Art Of Inclusion Essay Research Paper Full

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Art Of Inclusion Essay, Research Paper Full Inclusion has become a nation wide movement to include more disabled students in regular classrooms. Full Inclusion ignores the issues of the individual child and focuses more on the social issues and aspects of things. While this program has been proven to be successful in some schools, full inclusion has only created problems in others and a change from status quo must occur. Costs, distracted students, and untrained teachers are just a few of the many problems involved. Full Inclusion is an extremely controversial idea involved in the education system today. The opinions concerning this topic widely differ yet not all of these concerns are taken into account. The status quo of full inclusion is a one size fits all philosophy

which is greatly opposed for many different reasons. Inclusion is a term which explains the commitment to educate each child to the maximum extent appropriate, in the school and classroom he or she would otherwise attend. It involves bringing the support services to the child (instead of moving the child to the service) and requires only that the child will benefit from being in the class (instead of having to keep up with the other students). Full Inclusion opposed to inclusion means that all students, regardless of handicapping condition or severity, will be in a regular classroom or program full time. All services must be taken to the child in that setting (Special Education Inclusion). Those who support the idea of inclusion believe that the child always should begin in the

regular environment and be removed only when the appropriate services can not be given in the regular classroom. The Status quo of full inclusion is stated in the Individuals with Disabilities Education Act. The Act states that all students to the maximum extent appropriate, handicapped children, including those children in public and private institutions or other care facilities, are educated with children who are not handicapped, and that special classes, separate schooling, or other removal of handicapped children from the regular educational environment occurs only when the nature or severity of the handicap that education in regular classes with the use of supplementary aids and services cannot be achieved satisfactorily (Villa and Thousand 5). However, because this law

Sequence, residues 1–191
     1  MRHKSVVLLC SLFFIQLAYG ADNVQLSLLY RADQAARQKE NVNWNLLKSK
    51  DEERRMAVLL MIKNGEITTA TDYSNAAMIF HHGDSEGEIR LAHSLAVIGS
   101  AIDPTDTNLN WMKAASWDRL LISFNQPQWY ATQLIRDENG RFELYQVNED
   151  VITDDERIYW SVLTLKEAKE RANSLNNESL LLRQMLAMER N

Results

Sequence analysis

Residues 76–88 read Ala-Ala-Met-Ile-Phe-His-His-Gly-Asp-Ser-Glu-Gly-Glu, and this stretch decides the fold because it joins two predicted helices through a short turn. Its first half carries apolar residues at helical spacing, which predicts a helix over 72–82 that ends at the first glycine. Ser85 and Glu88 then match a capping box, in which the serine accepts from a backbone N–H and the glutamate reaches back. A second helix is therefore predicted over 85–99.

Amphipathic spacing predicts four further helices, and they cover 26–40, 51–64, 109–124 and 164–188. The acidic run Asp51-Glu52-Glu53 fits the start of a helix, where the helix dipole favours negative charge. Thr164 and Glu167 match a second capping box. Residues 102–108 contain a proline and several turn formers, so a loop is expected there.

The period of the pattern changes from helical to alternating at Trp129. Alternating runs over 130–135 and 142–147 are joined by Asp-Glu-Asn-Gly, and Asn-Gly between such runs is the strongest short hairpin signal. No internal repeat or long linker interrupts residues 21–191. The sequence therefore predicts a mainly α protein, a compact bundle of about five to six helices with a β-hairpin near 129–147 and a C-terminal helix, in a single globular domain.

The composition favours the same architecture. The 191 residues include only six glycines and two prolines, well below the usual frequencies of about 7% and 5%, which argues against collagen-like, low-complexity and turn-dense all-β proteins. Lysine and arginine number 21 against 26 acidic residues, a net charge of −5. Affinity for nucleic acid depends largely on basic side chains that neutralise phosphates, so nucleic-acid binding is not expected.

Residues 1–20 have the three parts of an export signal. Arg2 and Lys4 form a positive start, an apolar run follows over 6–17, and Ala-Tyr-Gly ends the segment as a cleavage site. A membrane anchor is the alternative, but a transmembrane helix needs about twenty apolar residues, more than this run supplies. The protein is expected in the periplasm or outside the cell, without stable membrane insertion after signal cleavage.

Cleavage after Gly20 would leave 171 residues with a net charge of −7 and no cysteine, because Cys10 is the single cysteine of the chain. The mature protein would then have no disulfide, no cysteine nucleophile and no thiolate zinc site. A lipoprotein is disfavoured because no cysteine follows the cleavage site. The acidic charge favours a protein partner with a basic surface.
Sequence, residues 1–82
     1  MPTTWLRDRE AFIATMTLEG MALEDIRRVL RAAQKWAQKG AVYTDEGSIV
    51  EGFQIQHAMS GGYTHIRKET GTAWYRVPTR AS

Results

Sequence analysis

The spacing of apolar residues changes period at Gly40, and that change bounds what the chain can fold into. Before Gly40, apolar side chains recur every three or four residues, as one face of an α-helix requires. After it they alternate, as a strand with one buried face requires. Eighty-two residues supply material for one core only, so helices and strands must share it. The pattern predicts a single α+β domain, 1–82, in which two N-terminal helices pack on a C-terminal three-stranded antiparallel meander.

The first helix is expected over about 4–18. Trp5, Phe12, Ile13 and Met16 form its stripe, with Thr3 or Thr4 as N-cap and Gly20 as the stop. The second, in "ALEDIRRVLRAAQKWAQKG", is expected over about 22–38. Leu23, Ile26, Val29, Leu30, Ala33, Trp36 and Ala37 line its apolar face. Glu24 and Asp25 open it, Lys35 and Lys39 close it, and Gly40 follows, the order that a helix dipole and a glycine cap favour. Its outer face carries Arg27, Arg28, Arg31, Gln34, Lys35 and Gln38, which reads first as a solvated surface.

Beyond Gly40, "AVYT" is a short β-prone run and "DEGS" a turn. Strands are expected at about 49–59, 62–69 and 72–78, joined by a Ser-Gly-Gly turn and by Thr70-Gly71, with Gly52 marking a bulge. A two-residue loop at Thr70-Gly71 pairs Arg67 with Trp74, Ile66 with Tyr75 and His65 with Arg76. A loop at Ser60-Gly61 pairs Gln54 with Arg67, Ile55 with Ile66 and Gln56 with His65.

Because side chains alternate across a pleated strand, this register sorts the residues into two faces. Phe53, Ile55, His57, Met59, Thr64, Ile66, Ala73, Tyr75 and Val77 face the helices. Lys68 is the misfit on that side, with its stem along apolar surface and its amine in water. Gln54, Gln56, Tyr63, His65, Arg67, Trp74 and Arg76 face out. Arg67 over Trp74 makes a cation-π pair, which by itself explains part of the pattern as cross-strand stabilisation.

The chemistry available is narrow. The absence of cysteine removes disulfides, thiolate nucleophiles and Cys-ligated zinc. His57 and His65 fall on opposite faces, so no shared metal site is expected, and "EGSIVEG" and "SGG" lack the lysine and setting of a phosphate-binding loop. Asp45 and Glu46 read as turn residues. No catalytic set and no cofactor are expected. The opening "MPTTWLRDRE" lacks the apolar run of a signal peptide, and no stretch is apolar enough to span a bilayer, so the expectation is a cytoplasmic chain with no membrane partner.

never uses the term inclusion, there is a large amount of debate around what is actually required. It is clear that the main purpose of the law is to limit the removal from regular education environment to the largest possible extent, therefore a person against full inclusion would argue that this would mean a regular classroom all the time, after all, what could be less restrictive then the normal setting of a typical classroom with a general education teacher (Mackenzie par.3). Depending on the severity of the disability the law might not be the best thing for the person, yet it s a law and needs to be followed and that is part of the controversial situation. Under the Individuals with Disabilities Education Act it ensures that the placement of every child with a handicapped

condition be determined annually, and be based on the child s individual education program, also the school in which they will attend is to be as close as possible to the child s home. In addition to all of these factors, the law includes the idea that unless a handicapped child s individual education program requires some other arrangement, the child is educated in the school which he or she would attend if not handicapped (Villa and Thousand 8-9). All these factors, the law requires bring about a great amount of controversy when applying it to the view of full inclusion. More often then not, educators look only at the socialization emphasis children receive, in this case being placed with regular kids, and less at the academic benefits the child will receive. This thing about